Learning from missteps while taking the next steps.
I recently abandoned a novel that I had been working on for almost a year.
Abandoned manuscripts (along with finished ones that should never see the light of day) are a hazard of the novelist’s trade. There’s no shame in admitting defeat. Just as an equestrian learns from falling off a horse, failed manuscripts should make for a better writer.
The manuscript I just ghosted was circling too close to the themes of my first novel, and while seeded with some nice plot twists, there was none of the ambiguity that I strive for; the intent was so transparent that it was coming off more as a morality play than a captivating read.
Now, I am pondering what my next project will be. Putting aside for the moment the creative spirit that moved me to write two unsold historical novels, this next manuscript will be written with the market in mind. I love the act of writing, but it is also important to me that my words are read. Because just like that tree falling in the forest, if there is no one reading what I write, does it make a sound?
At this point, I have two historical-fiction manuscripts that cumulatively took 10 years to write and nothing to show for them. My debut novel, while still enjoying sales, has not generated the kind of profits that makes me an attractive candidate to agents or publishing houses.
So I am thinking about writing a memoir that would explore my identity as an adopted person. It seems adoptee memoirs are more attractive to publishers than novels about adoption written by adoptees. And I’ve had a fairly interesting life which has included dramatic events in exotic locations. I already know the life-changing crisis with which I would open the memoir, a neat device upon which I can structure the story of my life.
Though adoption has handed me many challenges, it has also been a gift. Not in the way that most people think of adoption as a gift, with the saving of an orphan. Like most adoptees, I was not an orphan but had living parents. Evidence indicates my birth mother wanted to keep me before acquiescing to hard realities.
Rather, the gift of adoption is the constant habit of questioning. As we grow from child to adult, we confront subjects most people do not have to think about that go to the very definition of identity. Eternal outsiders, we are constantly shape-shifting in order to survive, interrogating our stories, parsing what we have been told with what we observe. Like cats, we adoptees have multiple lives; like dogs, we can pack seven years of experience into one calendar year.
By regularly re-examining the past, adoptees are not as prone to the nostalgia for an illusory yesterday that has gripped certain sectors of the American population. We know that the answer is not in clinging to the old ways that have failed so many, but in tearing down the myths that have done so much damage and offering in their place a more inclusive and broad-minded view.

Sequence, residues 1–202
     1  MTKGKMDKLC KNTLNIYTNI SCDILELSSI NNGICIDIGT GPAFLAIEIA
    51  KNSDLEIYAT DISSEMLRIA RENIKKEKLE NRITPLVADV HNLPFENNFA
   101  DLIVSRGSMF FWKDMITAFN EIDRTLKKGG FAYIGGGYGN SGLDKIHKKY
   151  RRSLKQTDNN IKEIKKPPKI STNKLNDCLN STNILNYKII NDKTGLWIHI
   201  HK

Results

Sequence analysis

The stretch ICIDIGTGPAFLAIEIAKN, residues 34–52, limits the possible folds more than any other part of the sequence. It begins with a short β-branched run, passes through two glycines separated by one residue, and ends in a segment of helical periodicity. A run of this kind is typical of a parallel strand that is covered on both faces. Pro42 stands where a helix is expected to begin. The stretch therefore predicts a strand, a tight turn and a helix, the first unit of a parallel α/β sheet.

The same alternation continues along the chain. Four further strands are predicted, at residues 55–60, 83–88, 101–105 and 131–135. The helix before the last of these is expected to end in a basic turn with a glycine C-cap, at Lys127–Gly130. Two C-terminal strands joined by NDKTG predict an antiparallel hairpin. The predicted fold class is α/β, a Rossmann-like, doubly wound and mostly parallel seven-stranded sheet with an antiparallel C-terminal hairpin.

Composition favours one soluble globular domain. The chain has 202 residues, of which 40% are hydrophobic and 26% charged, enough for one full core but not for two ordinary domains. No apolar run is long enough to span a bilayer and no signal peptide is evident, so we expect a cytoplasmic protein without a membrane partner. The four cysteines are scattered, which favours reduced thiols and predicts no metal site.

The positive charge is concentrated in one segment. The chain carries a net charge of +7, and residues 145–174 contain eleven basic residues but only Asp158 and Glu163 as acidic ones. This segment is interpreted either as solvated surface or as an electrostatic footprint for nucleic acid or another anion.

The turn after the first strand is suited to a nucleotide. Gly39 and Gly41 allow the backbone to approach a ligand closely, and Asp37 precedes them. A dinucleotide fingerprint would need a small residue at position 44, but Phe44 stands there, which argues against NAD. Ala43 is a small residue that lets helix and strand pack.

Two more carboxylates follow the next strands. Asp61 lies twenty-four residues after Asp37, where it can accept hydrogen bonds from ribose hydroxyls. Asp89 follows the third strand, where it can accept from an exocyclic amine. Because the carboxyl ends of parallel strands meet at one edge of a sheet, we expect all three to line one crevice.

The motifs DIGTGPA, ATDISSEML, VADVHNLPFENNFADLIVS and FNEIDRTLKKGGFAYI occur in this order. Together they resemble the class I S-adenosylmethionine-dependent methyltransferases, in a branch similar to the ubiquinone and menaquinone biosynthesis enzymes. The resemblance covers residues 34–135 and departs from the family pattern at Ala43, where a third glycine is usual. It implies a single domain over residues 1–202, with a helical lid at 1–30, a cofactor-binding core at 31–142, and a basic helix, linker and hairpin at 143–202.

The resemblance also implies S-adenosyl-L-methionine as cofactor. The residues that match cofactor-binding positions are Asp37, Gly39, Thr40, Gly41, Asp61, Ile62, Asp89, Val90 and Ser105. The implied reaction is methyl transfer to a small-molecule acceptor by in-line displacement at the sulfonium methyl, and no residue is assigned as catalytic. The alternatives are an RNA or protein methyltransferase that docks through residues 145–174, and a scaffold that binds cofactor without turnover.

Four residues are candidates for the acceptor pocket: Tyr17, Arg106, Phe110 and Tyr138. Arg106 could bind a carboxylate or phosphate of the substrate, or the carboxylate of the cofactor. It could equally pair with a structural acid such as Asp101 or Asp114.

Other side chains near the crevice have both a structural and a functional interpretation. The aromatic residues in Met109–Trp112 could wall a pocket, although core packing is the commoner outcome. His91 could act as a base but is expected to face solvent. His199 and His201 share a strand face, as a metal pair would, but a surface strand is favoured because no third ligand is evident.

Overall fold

If we have learned anything from these last few years (and please, let us have learned something!), it is that the old storylines no longer serve. The way we live is not sustainable, nor should we desire to sustain it. Humankind is in desperate need of a new narrative that values all of humanity.
The adoption industry is a microcosm of the world’s ills: centering wealth and privilege over the lives of the oppressed, allowing powerful factions (the for-profit adoption industry and adoptive parents) to erase the human rights of the most vulnerable (adoptees and natural parents). This power is blindingly apparent in transnational adoptions wherein children from the Global South are exported to wealthy, white nations.
And yet it is for that very same reason that I hesitate to write a memoir. My adoption story isn’t over. I am still exploring the many ways adoption has shaped my life, still seeking to inform myself on the adoption industry and the governmental bureaucratization of adoption, both here in the U.S. and in South Korea, the country of my birth. A journey to California to meet paternal relatives awaits. Always hopeful, I continue my search for my Korean mother.
For evidence of my ever-evolving views, I only need to re-read some of my old columns. I look back with chagrin at my cocky presumption of a year ago that I would quickly sign with an agent. My last column was about my disillusionment with the idea that novels could change the world, a theme I strongly endorsed in several previous pieces.
The only thing I know for sure about my next writing project is that there will be one. When you are writing to reframe the narrative, you may have some false starts, but you don’t give up. You continue to proclaim your truth and bend the narrative arc your way.
Alice Stephens is author of the novel Famous Adopted People.